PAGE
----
What Little says she really wants is to require all five of the in-park APA Commissioners to be chosen by her pet group, the Adirondack Association of Towns and Villages, who is supported by a gaggle of attorneys, engineers, and development interests. NCPR’s Brian Mann asked the Senator: “Wouldn’t that kind of a measure basically preclude anyone with an environmentalist background being chosen?”
“Not necessarily,” Little responded. “I think that they understand that there is a balance and most likely would know that they would have to have some people on that list who were maybe active environmentalists.” She kind of mumbled that “maybe” so I don’t fault Brian Mann for not following-up with the question, “Maybe Yes or Maybe No?”
Anyone who looks at Betty Little’s record of opposing the APA and the concept of a Forest Preserve can see what she’s really after: a purge of those she labels “environmentalists” from all decision-making related to the Adirondacks. Pete Hornbeck, who employs five people in good-paying manufacturing jobs at Hornbeck Boats, has made a crucial error in Little’s mind, in that he has associated with the wrong people.
“I have here in my hand a list of two hundred and five [people] that were known . . . as being environmentalists and who nevertheless are still working and shaping the policy of the APA,” Little said.
Just kidding – that was a quote from Joseph McCarthy; just replace environmentalists with Communist Party, and APA with State Department.
McCarthy saw enemies everywhere, including really evil places like the National Lawyers Guild and the American Civil Liberties Union. Little has her own enemies list that includes not just local conservation organizations, but apparently their supporters and members as well.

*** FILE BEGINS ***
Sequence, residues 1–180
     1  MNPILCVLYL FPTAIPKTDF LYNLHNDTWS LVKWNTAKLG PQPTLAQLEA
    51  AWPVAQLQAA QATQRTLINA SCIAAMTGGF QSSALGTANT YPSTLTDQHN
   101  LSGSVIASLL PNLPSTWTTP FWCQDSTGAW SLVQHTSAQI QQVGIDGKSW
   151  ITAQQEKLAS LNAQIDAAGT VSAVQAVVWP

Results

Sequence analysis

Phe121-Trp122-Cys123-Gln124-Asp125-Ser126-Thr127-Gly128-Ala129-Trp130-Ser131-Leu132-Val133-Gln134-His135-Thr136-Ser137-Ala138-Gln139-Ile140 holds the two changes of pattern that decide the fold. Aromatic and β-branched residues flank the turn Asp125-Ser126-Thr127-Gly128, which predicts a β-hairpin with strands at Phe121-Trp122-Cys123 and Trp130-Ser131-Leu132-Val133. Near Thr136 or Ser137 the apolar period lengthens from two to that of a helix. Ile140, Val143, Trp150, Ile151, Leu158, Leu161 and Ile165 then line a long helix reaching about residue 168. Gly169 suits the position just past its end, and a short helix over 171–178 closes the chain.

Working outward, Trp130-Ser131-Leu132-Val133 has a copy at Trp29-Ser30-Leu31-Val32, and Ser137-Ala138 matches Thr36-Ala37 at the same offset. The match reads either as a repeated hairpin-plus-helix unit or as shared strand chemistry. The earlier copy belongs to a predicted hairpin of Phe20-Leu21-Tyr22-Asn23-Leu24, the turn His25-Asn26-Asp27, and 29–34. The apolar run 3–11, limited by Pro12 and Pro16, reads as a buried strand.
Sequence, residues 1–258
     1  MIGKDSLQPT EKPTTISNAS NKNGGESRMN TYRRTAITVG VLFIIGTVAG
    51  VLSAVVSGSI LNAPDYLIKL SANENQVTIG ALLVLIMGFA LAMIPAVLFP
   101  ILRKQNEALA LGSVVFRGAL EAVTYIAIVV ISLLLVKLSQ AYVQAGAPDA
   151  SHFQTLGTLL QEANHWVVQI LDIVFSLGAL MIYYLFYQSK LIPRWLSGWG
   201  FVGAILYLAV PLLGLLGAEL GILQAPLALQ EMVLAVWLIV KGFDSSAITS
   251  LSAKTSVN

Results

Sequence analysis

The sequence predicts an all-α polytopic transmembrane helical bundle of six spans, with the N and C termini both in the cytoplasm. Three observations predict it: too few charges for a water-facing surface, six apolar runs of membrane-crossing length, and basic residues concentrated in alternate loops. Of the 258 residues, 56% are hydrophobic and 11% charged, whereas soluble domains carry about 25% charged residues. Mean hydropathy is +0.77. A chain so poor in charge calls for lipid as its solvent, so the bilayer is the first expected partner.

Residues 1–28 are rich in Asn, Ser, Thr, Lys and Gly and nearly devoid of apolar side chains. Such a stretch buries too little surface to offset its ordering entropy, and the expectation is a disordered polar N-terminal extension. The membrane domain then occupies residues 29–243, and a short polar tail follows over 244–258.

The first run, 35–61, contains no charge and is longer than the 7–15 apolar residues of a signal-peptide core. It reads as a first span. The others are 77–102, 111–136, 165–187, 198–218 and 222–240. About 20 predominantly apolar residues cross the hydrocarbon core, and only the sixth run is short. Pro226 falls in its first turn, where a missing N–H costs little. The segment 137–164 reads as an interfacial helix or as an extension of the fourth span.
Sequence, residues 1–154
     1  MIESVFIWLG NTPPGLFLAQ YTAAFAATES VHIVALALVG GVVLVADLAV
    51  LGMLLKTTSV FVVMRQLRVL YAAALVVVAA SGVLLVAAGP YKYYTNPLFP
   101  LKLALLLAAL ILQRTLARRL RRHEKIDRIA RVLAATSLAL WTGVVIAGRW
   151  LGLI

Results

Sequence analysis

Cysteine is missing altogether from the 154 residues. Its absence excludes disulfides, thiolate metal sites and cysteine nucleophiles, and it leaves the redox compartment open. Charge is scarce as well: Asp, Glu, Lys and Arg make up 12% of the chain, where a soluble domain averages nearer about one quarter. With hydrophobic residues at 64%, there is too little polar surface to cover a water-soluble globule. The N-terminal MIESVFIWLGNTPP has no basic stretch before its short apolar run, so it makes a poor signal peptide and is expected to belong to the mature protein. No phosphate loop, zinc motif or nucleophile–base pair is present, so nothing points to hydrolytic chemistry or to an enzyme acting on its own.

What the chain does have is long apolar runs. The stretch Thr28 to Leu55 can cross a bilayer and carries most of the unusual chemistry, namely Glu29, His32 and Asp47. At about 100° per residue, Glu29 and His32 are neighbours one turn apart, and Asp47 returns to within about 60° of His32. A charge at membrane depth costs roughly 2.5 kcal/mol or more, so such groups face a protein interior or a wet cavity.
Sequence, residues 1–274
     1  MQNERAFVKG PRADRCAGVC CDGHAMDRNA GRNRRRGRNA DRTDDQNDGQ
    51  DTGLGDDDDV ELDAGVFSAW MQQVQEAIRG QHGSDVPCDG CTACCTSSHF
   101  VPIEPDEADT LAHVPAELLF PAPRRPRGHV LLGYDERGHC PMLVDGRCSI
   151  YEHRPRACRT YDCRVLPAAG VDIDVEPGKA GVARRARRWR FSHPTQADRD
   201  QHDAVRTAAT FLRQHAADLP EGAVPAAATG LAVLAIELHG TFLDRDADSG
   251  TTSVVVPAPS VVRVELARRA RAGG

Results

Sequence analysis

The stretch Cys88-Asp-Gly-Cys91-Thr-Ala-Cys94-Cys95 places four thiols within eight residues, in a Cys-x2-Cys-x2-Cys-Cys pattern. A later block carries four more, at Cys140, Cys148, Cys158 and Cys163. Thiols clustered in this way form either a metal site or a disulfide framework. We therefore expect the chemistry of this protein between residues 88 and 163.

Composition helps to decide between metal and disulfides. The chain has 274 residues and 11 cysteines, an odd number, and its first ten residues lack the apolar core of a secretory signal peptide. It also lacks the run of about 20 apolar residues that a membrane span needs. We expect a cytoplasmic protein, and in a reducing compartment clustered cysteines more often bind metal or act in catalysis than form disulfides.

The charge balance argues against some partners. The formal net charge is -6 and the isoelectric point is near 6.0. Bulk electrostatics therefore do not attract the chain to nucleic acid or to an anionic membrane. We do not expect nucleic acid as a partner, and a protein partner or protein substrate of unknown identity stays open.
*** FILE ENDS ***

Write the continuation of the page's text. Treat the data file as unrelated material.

I’d like to ask her that famous question from the McCarthy hearings: “At long last, have you left no sense of decency?” But I already know the answer, Little showed her sense of decency when she opposed the rights of gay people to be married, when she said that the Republican coup attempt that brought the state legislature to a standstill last year was a good idea, when she toyed with closing North Country Community College, and when she got a little too close to the criminal conspiracy of her leader Joe Bruno.
For background, the APA Board includes five representatives of local interests from inside the Park, three representing the rest of the state, and the state’s Commissioner of the Department of Economic Development, the Secretary of State, and the Commissioner of Environmental Conservation (Pete Grannis). These last three appoint others to represent the interests of their agencies. Regional Director for DEC Region 5 Betsey Lowe (former Executive Director of Wild Center) is Grannis’s substitute on the board; Region 5 includes three-quarters of the Adirondack Park. Lowe recently joined local members in opposing a wilderness classification for Low’s Lake. Fred Monroe of the Local Government Review Board has a non-voting seat on the APA Board.